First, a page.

Food aid in March reached only 21 percent of Syria's 500,000 people trapped in besieged areas, down from 25 percent in February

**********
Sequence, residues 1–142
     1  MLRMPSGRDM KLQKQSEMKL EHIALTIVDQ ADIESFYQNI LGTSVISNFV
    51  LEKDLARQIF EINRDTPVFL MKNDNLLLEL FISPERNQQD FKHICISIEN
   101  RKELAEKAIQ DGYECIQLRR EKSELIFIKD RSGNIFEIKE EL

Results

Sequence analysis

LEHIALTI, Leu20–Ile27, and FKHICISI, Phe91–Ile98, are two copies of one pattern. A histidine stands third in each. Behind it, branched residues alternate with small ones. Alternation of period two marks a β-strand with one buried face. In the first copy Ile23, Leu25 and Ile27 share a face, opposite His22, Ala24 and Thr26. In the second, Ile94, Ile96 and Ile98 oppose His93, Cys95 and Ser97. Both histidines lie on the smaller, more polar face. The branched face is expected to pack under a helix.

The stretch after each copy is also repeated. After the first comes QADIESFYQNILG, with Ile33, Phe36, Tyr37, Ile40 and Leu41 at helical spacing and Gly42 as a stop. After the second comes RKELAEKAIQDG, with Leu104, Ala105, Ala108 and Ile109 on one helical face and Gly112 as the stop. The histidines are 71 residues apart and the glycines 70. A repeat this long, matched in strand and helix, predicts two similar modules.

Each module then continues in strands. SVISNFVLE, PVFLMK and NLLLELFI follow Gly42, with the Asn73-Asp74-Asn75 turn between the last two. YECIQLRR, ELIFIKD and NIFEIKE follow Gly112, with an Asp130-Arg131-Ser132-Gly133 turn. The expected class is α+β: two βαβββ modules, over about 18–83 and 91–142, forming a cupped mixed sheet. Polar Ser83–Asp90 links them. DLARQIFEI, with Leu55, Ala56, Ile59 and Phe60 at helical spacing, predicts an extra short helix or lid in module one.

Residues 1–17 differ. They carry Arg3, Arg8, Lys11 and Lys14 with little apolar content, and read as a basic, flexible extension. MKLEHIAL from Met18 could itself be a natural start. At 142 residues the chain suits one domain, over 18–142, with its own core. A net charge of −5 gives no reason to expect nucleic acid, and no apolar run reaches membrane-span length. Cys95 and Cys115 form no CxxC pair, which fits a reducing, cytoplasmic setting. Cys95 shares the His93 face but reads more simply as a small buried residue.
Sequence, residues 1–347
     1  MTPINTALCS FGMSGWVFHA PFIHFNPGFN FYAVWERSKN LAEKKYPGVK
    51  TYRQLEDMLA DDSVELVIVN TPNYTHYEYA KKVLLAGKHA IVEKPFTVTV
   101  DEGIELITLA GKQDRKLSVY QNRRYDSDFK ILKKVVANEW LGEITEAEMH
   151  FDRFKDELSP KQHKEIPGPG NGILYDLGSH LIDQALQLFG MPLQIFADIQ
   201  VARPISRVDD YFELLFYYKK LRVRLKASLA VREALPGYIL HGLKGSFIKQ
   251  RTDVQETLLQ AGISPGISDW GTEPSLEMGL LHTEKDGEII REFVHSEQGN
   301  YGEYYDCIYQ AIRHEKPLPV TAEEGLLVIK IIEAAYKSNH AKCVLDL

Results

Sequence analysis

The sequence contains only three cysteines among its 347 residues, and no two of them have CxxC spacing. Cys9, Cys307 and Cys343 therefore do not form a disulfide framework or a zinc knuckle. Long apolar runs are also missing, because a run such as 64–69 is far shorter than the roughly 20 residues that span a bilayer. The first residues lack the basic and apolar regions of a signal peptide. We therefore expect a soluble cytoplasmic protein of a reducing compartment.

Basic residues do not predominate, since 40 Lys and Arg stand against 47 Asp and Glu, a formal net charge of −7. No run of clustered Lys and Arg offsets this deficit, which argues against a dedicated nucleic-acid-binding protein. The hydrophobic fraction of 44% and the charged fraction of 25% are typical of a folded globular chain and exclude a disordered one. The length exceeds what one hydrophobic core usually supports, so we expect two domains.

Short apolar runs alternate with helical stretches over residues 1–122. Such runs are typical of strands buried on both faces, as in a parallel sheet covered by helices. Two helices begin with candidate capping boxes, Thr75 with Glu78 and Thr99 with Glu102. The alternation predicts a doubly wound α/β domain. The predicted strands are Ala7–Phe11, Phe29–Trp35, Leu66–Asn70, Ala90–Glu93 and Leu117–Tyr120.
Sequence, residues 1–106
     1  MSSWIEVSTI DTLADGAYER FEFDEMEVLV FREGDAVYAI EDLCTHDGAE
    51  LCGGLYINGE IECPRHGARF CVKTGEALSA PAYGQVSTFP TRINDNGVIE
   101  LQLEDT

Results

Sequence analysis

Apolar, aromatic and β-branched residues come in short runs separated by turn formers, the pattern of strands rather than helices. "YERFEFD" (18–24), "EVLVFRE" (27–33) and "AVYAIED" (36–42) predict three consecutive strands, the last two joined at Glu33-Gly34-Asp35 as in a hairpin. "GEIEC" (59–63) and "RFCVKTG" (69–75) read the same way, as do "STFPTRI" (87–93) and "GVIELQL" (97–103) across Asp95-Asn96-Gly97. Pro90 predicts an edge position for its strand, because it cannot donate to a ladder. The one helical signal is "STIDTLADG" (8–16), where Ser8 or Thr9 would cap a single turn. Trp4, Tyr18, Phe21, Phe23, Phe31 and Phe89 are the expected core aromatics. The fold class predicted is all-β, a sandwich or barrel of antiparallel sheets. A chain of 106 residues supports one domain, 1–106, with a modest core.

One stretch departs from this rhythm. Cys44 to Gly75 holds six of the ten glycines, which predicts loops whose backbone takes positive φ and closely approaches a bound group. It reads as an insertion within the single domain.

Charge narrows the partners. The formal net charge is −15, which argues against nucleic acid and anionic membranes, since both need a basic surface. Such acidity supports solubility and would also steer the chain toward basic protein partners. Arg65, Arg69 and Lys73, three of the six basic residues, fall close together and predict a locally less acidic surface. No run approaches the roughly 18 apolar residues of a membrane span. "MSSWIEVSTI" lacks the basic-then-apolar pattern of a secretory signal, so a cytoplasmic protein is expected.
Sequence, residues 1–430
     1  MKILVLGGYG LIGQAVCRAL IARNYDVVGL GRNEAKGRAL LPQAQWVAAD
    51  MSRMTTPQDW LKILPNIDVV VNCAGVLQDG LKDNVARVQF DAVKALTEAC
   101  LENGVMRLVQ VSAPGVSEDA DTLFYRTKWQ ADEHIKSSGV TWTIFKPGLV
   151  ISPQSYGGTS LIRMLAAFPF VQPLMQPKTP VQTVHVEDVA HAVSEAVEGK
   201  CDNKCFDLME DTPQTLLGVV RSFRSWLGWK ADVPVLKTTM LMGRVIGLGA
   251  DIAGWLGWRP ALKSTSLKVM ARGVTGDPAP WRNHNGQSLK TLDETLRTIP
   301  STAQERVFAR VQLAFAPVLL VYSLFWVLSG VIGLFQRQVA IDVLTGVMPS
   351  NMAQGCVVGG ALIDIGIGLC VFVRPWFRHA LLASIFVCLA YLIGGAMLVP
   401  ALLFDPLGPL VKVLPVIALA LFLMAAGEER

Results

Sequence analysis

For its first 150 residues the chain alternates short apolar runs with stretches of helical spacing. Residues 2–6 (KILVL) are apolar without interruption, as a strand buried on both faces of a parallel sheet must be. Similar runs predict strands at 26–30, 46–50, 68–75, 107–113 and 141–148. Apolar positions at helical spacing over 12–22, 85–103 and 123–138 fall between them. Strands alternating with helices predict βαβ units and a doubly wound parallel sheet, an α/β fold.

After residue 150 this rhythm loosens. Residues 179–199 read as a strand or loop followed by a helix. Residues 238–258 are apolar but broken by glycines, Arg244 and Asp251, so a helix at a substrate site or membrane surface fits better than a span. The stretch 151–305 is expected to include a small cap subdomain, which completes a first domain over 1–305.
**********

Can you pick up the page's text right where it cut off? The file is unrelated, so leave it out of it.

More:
Fewer UN relief convoys are reaching starving civilians in Syria's besieged areas, prompting the United States on Tuesday to call for renewed pressure on Damascus to allow access for aid deliveries. The UN Security Council heard during a closed-door meeting that food aid in March reached 21 percent of Syria's 500,000 people trapped in besieged areas, down from 25 percent in February. "We need the trend lines going in a much different direction," US Ambassador Samantha Power told reporters after the briefing. "Every besieged area needs to be reached. All those in hard-to-reach areas need to be reached, and we are a long way from that." The UN began scaling up deliveries of aid in Syria after a ceasefire went into force in February, hoping the desperately needed supplies will shore up a fragile peace process that began that same month. Aid deliveries to hard-to-reach areas however climbed to 83,000 in March from 53,000 in February, according to UN aid officials. Power singled out the rebel-held town of Daraya, which has received "not one crumb of UN food, since 2012" and was in urgent need of supplies after shelling polluted the water. The US and its partners have "appealed to those with influence" over the Syrian government to press for more humanitarian access, said Power in a reference to Russia. Chinese Ambassador Liu Jieyi, the council's president for this month, said Daraya was "part of a bigger problem" of humanitarian access in Syria. "We need to really look at the problem from all dimensions and whoever can have influence to bear on the different parties, we should really work together," he said. Nearly half a million Syrians are trapped in towns besieged by the Syrian army, armed rebels or the Islamic State (IS) group, in the complex war now in its sixth year. The UN has asked Syria to grant access to 11 priority areas in April, but the government has so far approved only six, said Amanda Pitt, spokeswoman for UN humanitarian affairs. Daraya, Duma and East Harasta have been left off the government’s list. An airdrop of humanitarian aid is planned for Deir-Ezzor, which is under siege by IS, after a first delivery failed to meet its target.